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Project: Design of a safe work environment in the maritime domain

The project analyzes safety and resilience in everyday work in the maritime domain. The aim is to develop methods to visualize and design work environments and safety-related work in an increasingly complex and changing shipping industry. Special focus is on the analysis of sociotechnical systems where interactions take place between people, technology and organization.

Project information

Project manager
Gesa Praetorius
Subject
Maritime Science (Kalmar Maritime Academy, Faculty of Technology)

More about the project

To be able to create a safe work environment for future shipping operations in a world of increased digitalization and complexity, a shift towards new perspectives on safety management and safety training is needed. Up-to-date safety management and training has primarily focused on the analysis of accidents and incidents to identify means and measure on how to increase safety in operations. However, future safety-related work will need to focus more on resilience, i.e. on how strengths in today's systems can be maintained and reinforced. Analyses of socio-technical systems consisting of human operators cooperating with technology and how these can adapt to and cope with a large variety of production conditions and unforeseen events is becoming increasingly important.

Safety and resilience

The project analyzes safety and resilience in everyday work in the maritime domain. The aim of the project is to develop methods to visualize and design work environments and safety-related work in an increasingly complex and changing shipping industry. Special focus is on the analysis of sociotechnical systems and on the evaluation and design of safety drills and training using resilience engineering.

Sociotechnical systems are complex systems where everyday activities and functions depend on interactions and cooperation between people, technology and organization. People's actions in such systems are technology-dependent, i.e. technology plays an important role in decision making, communication and coordination. Resilience is a new perspective applied to evaluate, develop and improve safety management in high risk domain. Instead of solely focusing on learning from negative events, resilience tries to highlight how human operators contribute to safety and how to strengthen the ability of sociotechnical systems – humans in cooperation with technology embedded in an organization- to adapt to both anticipated and unanticipated events in a safe, efficient and effective manner.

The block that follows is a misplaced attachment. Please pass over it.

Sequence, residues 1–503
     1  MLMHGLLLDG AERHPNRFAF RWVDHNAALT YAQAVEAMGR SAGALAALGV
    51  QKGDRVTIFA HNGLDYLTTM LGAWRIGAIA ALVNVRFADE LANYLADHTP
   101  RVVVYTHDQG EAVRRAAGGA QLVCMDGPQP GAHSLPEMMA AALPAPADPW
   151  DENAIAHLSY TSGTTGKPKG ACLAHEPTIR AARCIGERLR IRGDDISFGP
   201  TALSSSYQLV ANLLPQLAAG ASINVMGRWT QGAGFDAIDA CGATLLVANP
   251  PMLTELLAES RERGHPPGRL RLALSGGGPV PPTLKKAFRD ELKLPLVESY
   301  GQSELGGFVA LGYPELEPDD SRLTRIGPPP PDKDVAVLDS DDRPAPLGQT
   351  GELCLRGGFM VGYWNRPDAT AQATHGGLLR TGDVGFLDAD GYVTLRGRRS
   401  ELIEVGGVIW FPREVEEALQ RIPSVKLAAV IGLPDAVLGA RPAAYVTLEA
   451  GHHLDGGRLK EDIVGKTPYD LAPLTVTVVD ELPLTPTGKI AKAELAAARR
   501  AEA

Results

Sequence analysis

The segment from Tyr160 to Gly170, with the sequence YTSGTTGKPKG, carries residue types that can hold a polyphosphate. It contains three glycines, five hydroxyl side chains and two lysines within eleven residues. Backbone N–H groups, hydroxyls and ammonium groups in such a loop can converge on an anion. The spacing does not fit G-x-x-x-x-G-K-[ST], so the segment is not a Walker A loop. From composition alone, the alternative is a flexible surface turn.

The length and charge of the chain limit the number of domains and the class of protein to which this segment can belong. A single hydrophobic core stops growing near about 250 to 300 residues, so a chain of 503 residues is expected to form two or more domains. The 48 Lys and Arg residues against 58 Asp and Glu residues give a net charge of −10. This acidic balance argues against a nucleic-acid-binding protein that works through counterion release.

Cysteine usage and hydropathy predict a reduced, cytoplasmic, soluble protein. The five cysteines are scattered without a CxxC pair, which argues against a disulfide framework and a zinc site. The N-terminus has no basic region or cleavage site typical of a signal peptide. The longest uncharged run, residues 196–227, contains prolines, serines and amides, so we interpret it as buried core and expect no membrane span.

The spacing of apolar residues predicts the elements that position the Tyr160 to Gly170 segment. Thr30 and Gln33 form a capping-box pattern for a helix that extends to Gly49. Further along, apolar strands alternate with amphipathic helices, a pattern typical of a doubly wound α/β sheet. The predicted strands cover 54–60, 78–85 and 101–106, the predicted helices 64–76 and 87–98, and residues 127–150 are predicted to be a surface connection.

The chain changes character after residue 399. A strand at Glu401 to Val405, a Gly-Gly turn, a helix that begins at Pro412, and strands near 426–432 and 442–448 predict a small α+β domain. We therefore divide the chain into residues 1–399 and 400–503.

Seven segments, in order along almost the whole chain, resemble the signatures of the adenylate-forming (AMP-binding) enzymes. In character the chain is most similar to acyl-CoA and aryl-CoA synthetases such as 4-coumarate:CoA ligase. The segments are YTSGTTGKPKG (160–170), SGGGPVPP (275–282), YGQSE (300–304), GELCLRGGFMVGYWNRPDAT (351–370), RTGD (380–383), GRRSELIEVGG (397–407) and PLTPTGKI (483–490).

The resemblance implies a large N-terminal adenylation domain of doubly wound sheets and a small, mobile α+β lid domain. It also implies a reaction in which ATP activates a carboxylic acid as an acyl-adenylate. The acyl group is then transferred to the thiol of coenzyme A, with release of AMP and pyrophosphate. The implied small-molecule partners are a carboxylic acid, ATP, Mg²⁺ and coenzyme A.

In order for safety-related activities to have a desired effect on an organization's operational safety and safety-related activities, it is necessary to understand and anticipate the consequences of change in complex systems. Examples for change can be altering the organization itself, introducing new production methods or novel decision support.

Complexity in everyday work

I am interested in analyzing and visualizing complexity in everyday work and thus gaining an improved understanding of the challenges and opportunities in future of shipping operations. Despite an increased degree of digitalization, shipping operations will always be carried out by sociotechnical systems which must be able to handle a wide variety of production conditions in an increasingly interconnected and complex world. It is therefore important to a thorough understanding on how these systems adapt to and cope with both anticipated and unanticipated events, as well as on how they bounce back from production breakdowns.

The project focuses primarily on safety management on board and ashore with a particular emphasis on training, but also addresses aspects of information and organizational design.

The project is part of the research in the Maritime science research group.

More about Gesa Praetorius' reserach

Learn more about Gesa Praetorius' research in a film made by the Swedish maritime competence centre Lighthouse.